Water pools on the corner of Tottenham Court Road and Maple Street.
Standing water on the pavement outside The Court public house on the corner of Tottenham Court Road and Maple Street is a problem for pedestrians and a local business. Photo: Simon Lamrock.

Camden Council’s West End Project was supposed to improve the Tottenham Court Road area for pedestrians and cyclists. But blocked drains, poorly laid paving and road surfaces in places are causing flooding, even after relatively light rain.

It is causing a problem for those using active travel and for some local businesses.

Pedestrians are repeatedly having to dodge a huge pool of standing water which is a couple of inches, or more, deep after every rainfall on the pavement at the junction of Maple Street.

The puddle is so big that it extends over the forecourt of The Court public house. A barman said it is affecting their business as customers cannot use the outside seating area.

“We brush it way, but it comes back every time it rains,” he said.

Water pooling at junction of Grafton Way and Tottenham Court Road.
Pedestrians have to step around a pool of rainwater on the corner of Grafton Way. Photo: Fitzrovia News.

Further up the road on the corner of Grafton Way, pedestrians are getting splashed by passing drivers due to standing water on the carriageway.

Rainwater pooling at the corner of Howland Street and Tottenham Court Road.
Rainwater on the corner of Howland Street and Tottenham Court Road does not drain away. Photo: Fitzrovia News.

At Bayley Street pedestrians and cyclists have to avoid standing water.

Pedestrians have to avoid the pool of rainwater as they cross the cycle lane at Bayley Street. Photo: Fitzrovia News.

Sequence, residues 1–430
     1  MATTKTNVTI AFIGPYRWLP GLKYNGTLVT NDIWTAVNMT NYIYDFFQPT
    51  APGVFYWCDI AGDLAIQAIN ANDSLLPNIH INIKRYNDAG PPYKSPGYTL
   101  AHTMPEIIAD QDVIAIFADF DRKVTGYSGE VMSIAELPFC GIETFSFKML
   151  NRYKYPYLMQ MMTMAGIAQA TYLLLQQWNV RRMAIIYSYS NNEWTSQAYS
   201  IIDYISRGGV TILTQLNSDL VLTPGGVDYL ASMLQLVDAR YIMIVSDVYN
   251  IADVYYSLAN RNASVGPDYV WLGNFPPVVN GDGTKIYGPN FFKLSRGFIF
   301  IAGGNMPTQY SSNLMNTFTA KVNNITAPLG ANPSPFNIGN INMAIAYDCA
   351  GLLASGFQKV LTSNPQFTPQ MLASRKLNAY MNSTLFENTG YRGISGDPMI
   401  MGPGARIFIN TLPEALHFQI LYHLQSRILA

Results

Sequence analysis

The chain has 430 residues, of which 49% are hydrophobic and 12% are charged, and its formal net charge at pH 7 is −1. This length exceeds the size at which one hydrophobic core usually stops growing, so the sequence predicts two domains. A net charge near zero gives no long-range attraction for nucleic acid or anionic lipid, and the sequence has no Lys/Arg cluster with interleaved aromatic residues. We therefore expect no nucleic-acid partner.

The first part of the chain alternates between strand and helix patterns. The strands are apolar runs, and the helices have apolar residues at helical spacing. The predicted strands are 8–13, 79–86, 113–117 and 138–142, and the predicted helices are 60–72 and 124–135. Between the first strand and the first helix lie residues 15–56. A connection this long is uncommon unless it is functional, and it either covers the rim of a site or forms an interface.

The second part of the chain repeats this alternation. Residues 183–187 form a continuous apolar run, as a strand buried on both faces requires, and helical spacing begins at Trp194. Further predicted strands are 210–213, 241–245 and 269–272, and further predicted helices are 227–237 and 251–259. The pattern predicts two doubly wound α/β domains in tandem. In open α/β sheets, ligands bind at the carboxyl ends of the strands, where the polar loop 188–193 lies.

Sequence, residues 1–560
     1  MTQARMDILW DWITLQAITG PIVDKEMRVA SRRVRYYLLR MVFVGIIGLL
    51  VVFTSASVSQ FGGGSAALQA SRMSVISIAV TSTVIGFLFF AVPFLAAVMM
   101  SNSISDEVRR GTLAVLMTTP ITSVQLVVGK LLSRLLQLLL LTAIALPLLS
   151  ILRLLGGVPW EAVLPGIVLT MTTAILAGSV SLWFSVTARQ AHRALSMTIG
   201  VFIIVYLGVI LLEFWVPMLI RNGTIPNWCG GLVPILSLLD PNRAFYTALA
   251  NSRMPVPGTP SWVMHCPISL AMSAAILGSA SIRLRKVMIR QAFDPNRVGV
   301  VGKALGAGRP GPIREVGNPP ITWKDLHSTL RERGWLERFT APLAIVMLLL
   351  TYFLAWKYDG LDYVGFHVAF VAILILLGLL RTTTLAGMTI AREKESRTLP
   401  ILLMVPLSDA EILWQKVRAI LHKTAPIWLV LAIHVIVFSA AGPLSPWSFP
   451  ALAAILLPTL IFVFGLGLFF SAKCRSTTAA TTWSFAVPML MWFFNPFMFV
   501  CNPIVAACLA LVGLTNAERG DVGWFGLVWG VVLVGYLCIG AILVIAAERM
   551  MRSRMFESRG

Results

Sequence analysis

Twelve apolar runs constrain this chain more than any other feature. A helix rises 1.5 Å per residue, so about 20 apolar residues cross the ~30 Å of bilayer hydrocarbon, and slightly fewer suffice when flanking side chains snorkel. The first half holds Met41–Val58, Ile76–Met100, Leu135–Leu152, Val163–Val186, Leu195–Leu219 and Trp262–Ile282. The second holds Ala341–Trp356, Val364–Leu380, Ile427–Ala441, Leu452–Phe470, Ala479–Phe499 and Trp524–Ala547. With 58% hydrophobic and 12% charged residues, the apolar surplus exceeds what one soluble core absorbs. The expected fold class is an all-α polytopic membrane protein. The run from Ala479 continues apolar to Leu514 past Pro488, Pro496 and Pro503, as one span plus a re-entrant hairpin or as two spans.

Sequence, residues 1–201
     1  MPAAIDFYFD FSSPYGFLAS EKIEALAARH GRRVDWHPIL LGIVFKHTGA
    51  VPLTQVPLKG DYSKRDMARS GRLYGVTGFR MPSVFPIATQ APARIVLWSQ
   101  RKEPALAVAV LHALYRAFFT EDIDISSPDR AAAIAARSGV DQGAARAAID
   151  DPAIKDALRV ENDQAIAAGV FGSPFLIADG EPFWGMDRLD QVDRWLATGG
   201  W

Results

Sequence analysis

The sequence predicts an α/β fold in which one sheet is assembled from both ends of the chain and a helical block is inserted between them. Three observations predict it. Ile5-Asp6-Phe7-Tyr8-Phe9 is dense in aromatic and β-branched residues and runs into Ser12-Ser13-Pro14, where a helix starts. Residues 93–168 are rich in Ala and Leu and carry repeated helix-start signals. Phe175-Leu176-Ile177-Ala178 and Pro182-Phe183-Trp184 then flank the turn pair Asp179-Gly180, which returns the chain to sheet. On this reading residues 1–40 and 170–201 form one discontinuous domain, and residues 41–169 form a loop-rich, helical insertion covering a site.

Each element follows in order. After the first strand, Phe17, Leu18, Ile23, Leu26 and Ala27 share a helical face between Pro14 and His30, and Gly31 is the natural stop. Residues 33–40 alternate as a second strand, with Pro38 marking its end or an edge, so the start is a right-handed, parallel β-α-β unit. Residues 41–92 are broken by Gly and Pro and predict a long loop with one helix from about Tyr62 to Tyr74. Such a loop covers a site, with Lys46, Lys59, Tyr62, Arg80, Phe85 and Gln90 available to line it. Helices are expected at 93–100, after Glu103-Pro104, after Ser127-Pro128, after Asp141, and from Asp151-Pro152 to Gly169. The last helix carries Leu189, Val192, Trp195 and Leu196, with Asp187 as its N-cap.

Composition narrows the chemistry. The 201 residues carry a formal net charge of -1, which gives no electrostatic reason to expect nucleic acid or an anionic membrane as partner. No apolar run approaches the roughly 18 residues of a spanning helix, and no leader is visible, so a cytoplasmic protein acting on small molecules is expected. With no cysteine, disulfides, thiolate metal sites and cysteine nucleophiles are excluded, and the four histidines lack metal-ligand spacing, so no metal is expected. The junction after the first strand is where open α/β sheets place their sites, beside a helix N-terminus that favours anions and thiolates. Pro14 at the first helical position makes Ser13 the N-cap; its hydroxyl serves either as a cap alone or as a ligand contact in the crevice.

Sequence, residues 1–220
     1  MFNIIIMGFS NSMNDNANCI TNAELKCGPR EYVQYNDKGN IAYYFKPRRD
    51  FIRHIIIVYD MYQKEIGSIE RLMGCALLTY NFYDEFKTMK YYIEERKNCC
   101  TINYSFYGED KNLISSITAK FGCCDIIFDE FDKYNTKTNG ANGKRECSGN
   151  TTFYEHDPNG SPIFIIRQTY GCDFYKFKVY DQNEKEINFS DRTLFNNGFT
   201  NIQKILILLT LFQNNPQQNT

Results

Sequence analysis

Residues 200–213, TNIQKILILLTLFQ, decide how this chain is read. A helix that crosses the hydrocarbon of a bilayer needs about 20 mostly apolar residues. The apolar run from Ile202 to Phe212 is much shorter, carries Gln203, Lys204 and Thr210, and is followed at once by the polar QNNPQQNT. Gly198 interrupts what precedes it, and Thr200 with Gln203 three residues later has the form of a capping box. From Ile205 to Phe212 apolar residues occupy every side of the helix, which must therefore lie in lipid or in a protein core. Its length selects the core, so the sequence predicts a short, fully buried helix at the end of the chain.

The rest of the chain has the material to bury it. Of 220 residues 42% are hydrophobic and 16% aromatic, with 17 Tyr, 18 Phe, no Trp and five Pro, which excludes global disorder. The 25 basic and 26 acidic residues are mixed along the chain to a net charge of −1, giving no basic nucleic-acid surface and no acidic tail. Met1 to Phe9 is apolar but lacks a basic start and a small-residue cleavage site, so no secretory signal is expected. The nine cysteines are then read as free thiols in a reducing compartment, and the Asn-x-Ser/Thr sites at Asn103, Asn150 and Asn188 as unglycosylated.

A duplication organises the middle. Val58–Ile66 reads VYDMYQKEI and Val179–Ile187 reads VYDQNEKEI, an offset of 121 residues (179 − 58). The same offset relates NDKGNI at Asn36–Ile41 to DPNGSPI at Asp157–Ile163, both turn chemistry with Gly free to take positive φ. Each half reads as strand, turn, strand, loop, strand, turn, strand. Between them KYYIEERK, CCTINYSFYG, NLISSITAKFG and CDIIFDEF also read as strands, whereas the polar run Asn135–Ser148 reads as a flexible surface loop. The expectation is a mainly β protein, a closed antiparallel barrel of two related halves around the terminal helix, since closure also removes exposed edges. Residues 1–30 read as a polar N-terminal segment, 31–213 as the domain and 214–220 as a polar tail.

Several other locations on the shopping street have rainwater ponding either on the pavement, in the cycle lanes, or on the carriage way, after rainfall.

With more heavy rainfall from extreme weather events caused by the climate crisis, Tottenham Court Road’s new surface is not likely to perform very well unless drains are unblocked and paving and tarmac is re-laid so that water runs off.

In Torrington Place part of the cycle lane and loading bay remains flooded after rainfall. Photo: Fitzrovia News.
Standing water on the corner with Capper Street. Photo: Fitzrovia News.

Fitzrovia News asked Camden if it considered the paving and carriageway work has been done to an acceptable standard.

A Camden Council spokesperson responded to say: “All roads and surfaces in this area were designed to manage water effectively, however we are monitoring this area and working to deal with any reoccurring issues with drainage with our contractors.

“As it’s common for gullies to become blocked in winter and after heavy rain, teams also regularly clear all drains and gullies to avoid a build-up of water. We ask residents to report blocked or flooded drains to us so we can look into this as soon as possible.”

The council says the public can report blocked or flooded drains via its website.

At Bayley Street where water is standing in the cycle lane a new pocket park is due to be created and work on the levels here will be done when the park is constructed.

Camden had previously carried out some remedial work where the carriageway was flooding and pedestrians were getting splashed by passing drivers.

Additional reporting by Linus Rees.